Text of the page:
Thursday, October 19, 2017

Blowhard Bill Donohue asserts that morality depends upon Christianity

Bill Donohue
This is what Bill Donohue looks like when he is extremely gleeful
Bill Donohue (Catholic League) writes: “Severing Ties Between Christianity and Morality Is a Fool’s Errand.” Apparently there are no moral Jews, Muslims, Buddhists, atheists or Hindus.  Granted, that is probably not what Blowhard Bill means but that is what he is saying. On the other hand he might just believe that the only truly moral people are Christians.

Donahue does provide some sobering information.
A survey by Statista reveals that in Belgium 68 percent of the people  believe that religion does more harm than good: Germany, Spain, Australia, Sweden, and Great Britain all top 60 percent. No nation disagrees with this conclusion more than Japan; only 26 percent agree that religion does more harm than good. The world average is 49 percent; the figure for the U.S. is 39 percent.

A poll by the Pew Research Center found that a record share of Americans now think it is not necessary to believe in God to be moral. Fully 56 percent agree with this conviction, while 42 percent do not. READ MORE HERE
That has Donohue very upset. The read more link at the bottom is to Donohue's full piece at CNSNews.com, one of L. Brent Bozell's websites. Therein, according to Donohue:
Comparing people of faith to secularists, we find that the former have lower rates of depression, suicide, juvenile delinquency, crime, STDs, and the like. Moreover, no segment of the population is more likely to have higher rates of these dysfunctional conditions than those born out-of-wedlock.
Full of crap:

Donohue does not provide a source for his assertions about the supposed benefits of religion. Two psychiatrists wrote: “Being Religious or Spiritual Is Linked With Getting More Depressed” for the Huffington Post. They also reference peer-reviewed research:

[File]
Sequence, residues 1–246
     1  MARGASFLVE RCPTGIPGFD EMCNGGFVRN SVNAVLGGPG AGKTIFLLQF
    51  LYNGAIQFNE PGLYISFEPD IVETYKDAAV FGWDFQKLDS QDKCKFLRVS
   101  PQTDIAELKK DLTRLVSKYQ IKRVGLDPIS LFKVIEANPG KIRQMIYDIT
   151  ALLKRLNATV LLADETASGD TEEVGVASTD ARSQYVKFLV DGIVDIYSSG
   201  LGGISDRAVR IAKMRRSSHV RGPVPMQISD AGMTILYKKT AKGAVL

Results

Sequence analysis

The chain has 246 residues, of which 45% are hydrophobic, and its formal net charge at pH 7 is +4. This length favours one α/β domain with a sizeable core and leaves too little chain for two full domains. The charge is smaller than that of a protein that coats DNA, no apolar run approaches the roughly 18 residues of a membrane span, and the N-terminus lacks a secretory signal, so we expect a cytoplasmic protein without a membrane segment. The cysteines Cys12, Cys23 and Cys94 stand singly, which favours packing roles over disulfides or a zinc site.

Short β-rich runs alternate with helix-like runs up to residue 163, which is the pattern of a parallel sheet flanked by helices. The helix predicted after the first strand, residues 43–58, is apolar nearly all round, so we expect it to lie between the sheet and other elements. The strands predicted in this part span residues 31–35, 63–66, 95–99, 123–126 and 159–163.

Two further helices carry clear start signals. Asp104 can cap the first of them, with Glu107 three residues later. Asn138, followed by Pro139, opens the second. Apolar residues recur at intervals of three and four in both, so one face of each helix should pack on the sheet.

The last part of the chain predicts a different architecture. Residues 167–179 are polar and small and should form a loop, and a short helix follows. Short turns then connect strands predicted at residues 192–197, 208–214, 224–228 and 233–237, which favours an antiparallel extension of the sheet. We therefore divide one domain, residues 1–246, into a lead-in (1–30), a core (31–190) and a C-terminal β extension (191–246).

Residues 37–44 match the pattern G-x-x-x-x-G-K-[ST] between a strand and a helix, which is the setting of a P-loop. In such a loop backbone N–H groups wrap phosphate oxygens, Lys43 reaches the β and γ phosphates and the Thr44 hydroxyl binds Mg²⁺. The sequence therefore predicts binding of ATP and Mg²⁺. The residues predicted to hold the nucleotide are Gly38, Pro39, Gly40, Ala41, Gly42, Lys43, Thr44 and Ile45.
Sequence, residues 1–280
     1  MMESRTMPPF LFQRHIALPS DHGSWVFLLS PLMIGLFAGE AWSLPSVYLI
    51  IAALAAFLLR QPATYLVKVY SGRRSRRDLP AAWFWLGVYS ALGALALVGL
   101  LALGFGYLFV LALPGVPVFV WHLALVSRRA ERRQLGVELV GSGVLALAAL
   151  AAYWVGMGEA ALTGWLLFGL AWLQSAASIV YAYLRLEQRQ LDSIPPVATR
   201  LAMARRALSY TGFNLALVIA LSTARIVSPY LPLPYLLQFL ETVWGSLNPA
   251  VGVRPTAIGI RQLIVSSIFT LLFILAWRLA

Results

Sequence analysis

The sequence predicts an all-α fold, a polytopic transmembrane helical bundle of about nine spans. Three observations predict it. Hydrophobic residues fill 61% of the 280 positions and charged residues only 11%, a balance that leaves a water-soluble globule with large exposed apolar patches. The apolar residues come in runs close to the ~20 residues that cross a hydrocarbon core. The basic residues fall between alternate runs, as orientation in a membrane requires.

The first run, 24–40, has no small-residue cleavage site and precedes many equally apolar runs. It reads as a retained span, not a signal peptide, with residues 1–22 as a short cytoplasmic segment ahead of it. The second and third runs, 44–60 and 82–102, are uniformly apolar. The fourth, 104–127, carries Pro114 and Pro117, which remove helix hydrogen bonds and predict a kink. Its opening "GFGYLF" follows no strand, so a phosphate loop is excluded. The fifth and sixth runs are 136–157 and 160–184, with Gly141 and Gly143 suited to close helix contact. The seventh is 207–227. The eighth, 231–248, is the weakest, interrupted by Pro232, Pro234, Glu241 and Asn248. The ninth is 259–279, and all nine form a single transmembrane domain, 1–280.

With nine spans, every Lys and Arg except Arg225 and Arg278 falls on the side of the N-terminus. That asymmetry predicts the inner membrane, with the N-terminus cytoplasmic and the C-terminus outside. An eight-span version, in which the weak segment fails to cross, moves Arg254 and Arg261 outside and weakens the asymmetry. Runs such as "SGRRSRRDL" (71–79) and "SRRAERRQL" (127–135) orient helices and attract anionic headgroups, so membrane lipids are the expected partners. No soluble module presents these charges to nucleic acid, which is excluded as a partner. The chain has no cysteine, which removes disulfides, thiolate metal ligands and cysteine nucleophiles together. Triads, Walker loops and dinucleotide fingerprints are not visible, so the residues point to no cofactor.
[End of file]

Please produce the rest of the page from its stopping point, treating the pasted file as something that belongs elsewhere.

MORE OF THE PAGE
A previous study by a team led by psychiatrists Michael King and Paul Bebbington, published in the ‘British Journal of Psychiatry’, found spiritual people were more likely than those who were neither religious nor spiritual, to have used or to have been dependent on drugs, suffered from generalised anxiety disorder, any phobia or any neurotic disorder.
Donohue digs deeper:
Belgians may think that religion does more harm than good, but their social house leaves much to be desired. Out of 42 nations studied by the Organisation for Economic Co-operation and Development (OCED), Belgium had the 11th highest rate of out-of-wedlock births in 2014; in 1964 it had one of the lowest rates. Japan, by contrast, ranked 41st.
Now you understand why he referenced out-of-wedlock births earlier. In any event this is correlation in contrast to causation. For all Blowhard knows the rate would decline with less religion (and possibly more condoms). About half the citizens of Belgium claim to be Catholics.

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